Not long after the Guarneri Quartet formed, Marlboro decided to showcase its music and musicians for the rest of the world to enjoy with Musicians from Marlboro. In 1965-66, its first season, one of the first touring groups featured another type of quartet consisting of Benita Valente, soprano; Harold (Buddy) Wright, clarinet; Peter Serkin, piano; and me, violin and viola. Our programs included the Mozart Clarinet Trio and songs, Schubert’s Shepherd On The Rock and A Minor Violin Sonata, and the Bartók Contrasts.

They say that the quickest way to end a friendship is to go on a long trip together. That didn’t happen to our quartet as we made our way from Boston to New York, to Philadelphia, to Washington, DC, and with stops in between. Yes, accommodations had to be made. Buddy willingly gave up his beloved cigars when we traveled by car together, and we tried to get Peter, still a teenager, more involved in the after-concert parties by conducting quizzes the next day en route to that evening’s concert: What was the presenter’s wife’s name? How many children did they have? Describe the painting that hung behind the living room piano, etc.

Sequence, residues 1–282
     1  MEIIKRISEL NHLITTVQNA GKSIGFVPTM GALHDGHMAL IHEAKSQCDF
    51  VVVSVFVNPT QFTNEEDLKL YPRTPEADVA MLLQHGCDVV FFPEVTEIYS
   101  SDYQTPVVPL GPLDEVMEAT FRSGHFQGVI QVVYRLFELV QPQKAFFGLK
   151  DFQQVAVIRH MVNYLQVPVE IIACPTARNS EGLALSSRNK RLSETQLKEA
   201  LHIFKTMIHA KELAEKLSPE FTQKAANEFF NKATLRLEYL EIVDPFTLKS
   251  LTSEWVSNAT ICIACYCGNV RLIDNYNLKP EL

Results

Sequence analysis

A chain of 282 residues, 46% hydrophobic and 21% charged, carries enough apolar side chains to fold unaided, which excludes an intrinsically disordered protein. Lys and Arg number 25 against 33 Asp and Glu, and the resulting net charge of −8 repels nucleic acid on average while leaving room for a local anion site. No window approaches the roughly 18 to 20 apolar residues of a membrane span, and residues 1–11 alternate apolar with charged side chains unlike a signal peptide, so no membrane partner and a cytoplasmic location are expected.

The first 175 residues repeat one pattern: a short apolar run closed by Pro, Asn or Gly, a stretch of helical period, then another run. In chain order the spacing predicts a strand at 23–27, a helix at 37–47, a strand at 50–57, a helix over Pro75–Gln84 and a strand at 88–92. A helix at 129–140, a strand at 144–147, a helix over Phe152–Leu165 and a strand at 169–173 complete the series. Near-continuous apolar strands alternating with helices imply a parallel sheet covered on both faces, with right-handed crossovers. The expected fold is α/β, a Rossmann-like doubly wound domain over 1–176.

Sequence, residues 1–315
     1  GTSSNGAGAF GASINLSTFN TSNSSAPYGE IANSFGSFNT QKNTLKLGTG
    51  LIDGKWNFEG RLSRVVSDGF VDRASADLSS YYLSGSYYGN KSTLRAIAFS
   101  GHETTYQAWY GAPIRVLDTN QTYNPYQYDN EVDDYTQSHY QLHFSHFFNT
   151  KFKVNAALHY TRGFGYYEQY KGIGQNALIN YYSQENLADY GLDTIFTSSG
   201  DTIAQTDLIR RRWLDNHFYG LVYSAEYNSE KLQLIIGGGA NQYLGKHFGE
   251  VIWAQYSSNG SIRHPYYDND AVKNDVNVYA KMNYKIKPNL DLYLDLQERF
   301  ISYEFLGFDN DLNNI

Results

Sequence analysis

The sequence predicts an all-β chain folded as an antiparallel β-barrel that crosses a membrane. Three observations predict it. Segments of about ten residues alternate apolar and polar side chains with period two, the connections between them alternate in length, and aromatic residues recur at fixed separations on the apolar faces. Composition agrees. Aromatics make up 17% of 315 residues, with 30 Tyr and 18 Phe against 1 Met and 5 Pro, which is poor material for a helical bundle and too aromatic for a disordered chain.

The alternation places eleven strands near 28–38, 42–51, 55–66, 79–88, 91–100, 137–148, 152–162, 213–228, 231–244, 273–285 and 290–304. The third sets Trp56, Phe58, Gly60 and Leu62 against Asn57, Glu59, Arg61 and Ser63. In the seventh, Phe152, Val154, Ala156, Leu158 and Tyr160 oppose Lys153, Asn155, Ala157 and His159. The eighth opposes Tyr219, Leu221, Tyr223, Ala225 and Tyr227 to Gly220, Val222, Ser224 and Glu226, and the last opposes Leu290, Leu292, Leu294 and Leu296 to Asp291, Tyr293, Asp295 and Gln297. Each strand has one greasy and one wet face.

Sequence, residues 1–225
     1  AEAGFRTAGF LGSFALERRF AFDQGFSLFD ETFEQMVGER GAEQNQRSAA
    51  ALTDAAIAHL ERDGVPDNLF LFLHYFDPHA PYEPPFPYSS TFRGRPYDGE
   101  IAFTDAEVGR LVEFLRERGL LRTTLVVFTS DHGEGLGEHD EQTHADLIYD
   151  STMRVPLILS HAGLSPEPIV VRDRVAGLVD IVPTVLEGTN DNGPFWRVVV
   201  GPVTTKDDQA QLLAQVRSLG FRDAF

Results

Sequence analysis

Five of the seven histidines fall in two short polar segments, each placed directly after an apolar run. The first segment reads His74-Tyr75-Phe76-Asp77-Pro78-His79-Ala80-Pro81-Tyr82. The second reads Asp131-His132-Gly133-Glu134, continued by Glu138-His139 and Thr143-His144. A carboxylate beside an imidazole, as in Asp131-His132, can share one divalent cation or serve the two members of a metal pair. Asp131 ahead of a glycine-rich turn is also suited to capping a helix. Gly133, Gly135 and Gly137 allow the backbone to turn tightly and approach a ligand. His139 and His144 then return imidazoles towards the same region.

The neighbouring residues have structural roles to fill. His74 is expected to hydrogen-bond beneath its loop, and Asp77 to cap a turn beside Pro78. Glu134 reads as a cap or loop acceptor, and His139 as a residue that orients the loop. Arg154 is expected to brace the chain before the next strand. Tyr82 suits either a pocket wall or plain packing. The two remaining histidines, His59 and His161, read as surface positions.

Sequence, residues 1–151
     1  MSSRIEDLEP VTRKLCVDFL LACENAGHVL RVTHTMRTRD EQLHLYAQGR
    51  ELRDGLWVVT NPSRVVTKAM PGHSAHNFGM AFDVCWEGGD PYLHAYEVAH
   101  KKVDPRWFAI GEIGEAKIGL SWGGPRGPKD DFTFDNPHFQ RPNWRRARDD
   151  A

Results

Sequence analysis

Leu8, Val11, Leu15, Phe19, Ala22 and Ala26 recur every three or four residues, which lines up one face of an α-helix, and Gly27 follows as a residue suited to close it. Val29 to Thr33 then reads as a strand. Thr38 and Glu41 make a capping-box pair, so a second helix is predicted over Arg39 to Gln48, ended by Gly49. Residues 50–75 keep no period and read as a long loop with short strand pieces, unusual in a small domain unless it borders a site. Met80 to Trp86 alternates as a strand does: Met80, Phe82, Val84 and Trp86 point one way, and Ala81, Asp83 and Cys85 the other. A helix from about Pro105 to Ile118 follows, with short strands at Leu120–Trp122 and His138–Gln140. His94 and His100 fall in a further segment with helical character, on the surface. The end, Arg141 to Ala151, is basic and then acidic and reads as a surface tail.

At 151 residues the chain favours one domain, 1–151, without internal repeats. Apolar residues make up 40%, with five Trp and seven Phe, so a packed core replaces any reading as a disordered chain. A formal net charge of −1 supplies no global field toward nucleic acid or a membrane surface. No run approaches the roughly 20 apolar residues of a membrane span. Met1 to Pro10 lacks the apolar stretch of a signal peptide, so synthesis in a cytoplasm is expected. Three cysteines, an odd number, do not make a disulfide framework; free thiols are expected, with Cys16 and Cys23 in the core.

But the music was the thing, and in this respect we behaved as if we were back in Marlboro rehearsing, discussing, and experimenting in an effort to dig ever deeper into the programs’ exalted music even as we went from city to city.